Apartheid Wall, near Jerusalem. Photo by Patrick Bond.
By Patrick Bond, Ramallah
October 13, 2010 -- On a full-day drive through the Jordan Valley late last month, we skirted the Earth’s oldest city and lowest inhabited point, 400 metres below sea level. For 10,000 years, people have lived along the river that separates the present-day West Bank and Jordan.
Since 1967 the river has been augmented by Palestinian blood, sweat and tears, ending in the Dead Sea, from which no water flows; it only evaporates. Conditions degenerated during Israel’s land-grab, when from a peak of more than 300,000 people living on the west side of the river, displacements shoved Palestinian refugees across into Jordan and other parts of the West Bank. The valley has fewer than 60,000 Palestinians today.
But they’re hanging in. “To exist is to resist”, insisted Fathi Ikdeirat, the Save the Jordan Valley (http://www.jordanvalleysolidarity.org) network’s most visible advocate (and compiler of an exquisite new book of the same name, free for internet download at http://www.maan-ctr.org/pdfs/exit.pdf). At top speed on the bumpy dirt roads, Ikdeirat maneuvered between Israeli checkpoints and through Bedouin outposts in the dusty semi-desert, where oppressed communities eke out a living from the dry soil.
Just a few hundred metres away from such villages, like plush white South African suburbs drawing on cheap black township labour, stand some of the 120 Israeli settlements that since the early 1970s have pocked the West Bank. The most debilitating theft is of Palestinian water, for where once peasants gathered enough from local springs and a mountain aquifer to supply ponds that fed their modest crops, today pipe diversions by the Israelis’ agro-export plantations leave the indigenous people’s land scorched.
From the invaders’ fine houses, amid groves of trees with green lawns, untreated sewage is flushed into the Palestinian areas. The most aggressive Israeli settlers launch unpunished physical attacks on the Palestinians, destroying their homes and farm buildings – and last week even a mosque at Beit Fajjar, near Bethlehem was attacked.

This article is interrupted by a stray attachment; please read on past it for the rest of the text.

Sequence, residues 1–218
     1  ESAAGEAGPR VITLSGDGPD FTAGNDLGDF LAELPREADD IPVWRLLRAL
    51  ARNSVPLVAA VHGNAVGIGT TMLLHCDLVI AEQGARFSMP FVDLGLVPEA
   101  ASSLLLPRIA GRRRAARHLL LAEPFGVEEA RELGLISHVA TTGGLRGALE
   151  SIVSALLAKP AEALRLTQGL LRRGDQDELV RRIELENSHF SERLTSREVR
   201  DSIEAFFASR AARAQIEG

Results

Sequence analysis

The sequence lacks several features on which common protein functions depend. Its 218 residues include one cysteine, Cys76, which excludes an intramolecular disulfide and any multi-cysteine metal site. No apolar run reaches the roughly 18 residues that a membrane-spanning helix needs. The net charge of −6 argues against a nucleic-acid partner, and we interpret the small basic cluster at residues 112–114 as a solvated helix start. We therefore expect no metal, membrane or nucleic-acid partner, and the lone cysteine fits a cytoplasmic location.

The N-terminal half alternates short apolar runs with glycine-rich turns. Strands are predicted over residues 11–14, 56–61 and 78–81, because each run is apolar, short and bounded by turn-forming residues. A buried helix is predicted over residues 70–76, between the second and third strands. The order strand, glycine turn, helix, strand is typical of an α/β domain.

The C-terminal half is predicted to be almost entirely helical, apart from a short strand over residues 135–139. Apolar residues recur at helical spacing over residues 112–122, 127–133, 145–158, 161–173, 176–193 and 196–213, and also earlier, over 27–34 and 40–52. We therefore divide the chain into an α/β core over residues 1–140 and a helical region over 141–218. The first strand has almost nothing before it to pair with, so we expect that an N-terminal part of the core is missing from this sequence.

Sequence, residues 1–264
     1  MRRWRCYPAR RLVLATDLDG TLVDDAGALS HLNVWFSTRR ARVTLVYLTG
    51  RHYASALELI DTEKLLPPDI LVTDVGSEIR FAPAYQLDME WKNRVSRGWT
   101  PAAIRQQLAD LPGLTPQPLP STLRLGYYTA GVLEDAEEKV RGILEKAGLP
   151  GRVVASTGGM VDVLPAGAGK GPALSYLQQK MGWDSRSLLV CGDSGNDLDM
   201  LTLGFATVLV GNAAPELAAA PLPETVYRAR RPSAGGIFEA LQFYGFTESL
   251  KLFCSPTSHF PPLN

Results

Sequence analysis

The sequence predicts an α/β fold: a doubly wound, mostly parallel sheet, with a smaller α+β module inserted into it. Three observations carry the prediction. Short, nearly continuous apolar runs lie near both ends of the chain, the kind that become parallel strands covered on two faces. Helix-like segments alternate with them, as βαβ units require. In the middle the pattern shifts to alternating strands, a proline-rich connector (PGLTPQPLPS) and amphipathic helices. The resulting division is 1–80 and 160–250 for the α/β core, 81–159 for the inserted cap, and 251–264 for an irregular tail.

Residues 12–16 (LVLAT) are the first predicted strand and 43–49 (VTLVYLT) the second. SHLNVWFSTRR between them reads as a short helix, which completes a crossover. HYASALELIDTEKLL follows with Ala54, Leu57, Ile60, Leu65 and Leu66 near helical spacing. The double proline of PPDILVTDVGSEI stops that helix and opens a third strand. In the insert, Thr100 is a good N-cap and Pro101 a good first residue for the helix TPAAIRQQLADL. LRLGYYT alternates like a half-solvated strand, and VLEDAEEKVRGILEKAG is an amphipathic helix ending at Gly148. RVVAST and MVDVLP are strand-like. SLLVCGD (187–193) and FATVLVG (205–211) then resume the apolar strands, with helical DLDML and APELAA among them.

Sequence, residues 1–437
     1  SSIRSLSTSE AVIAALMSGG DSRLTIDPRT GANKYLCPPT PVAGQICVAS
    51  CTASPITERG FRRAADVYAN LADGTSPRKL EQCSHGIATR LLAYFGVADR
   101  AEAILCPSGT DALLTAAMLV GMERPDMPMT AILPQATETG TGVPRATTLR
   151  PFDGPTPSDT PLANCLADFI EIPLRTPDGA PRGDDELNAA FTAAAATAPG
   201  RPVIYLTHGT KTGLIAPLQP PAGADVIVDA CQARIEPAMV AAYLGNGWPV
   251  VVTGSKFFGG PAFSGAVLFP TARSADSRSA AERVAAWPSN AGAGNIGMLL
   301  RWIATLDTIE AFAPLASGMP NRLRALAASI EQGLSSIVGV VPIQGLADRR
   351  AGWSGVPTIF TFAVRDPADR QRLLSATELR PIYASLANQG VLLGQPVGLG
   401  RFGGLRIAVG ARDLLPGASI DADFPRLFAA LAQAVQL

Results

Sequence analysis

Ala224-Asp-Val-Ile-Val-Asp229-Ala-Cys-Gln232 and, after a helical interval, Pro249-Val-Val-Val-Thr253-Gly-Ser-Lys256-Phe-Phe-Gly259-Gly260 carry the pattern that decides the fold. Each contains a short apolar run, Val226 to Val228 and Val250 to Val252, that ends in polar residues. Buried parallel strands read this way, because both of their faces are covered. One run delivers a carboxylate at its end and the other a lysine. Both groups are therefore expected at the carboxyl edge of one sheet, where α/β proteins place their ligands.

The Gaza Strip has suffered far worse: Israel’s "Operation Cast Lead" bombing and invasion in early 2009, the 1400 mainly civilian deaths, the use of white phosphorous, political assassinations and the relentless siege are responsible for untold misery. International solidarity activists – including a Jewish delegation last month – are lethally attacked (nine Turkish aid activists were killed in May) or arrested while trying to sail ships to Gaza with emergency relief supplies.
As Ikdeirat pointed out, the Jordan Valley’s oppression appears as durable, for Israel's prime minister, Benjamin Netanyahu, vowed in February this year "never" to cede this space to the land’s rightful owners. On our way back to Ramallah for an academic conference, Ikdeirat looked down on his homeland from the western mountains and outlined the larger struggle against geopolitical manipulation, land grabbing, minority rule, Palestinian child labour on Israeli farms and other profound historical injustices.
Given the debilitating weaknesses within Palestine’s competing political blocs – Hamas in besieged Gaza and Fatah in the Occupied West Bank, as well as the US-Israeli-Fatah-backed unelected government in Ramallah led by the neoliberal prime minister (and former World Bank/IMF official) Salam Fayyad – this is a struggle that only progressive civil society appears equipped to fight properly.
Anti-apartheid inspires boycott, divest, sanction campaign
To illustrate the potential, 170 Palestinian organisations initiated the "boycott, divest, sanction" (BDS) campaign five years ago, insisting on the retraction of illegal Israeli settlements (a demand won in the Gaza Strip in 2005), the end of the West Bank occupation and Gaza siege, cessation of racially discriminatory policies towards the million and a half Palestinians living within Israel, and a recognition of Palestinians’ right to return to residences dating to the 1948 ethnic cleansing when the Israeli state was established.
The BDS movement draws inspiration from the way South Africans and their international supporters toppled apartheid: an internal intifada from townships and trade unions, combined with financial sanctions that in mid-1985 peaked because of an incident at the Durban City Hall. On August 15 that year, apartheid boss PW Botha addressed the Natal National Party – and an internationally televised audience of 200 million – with his belligerent "Rubicon Speech" featuring the famous finger-wagging command, “Don’t push us too far.”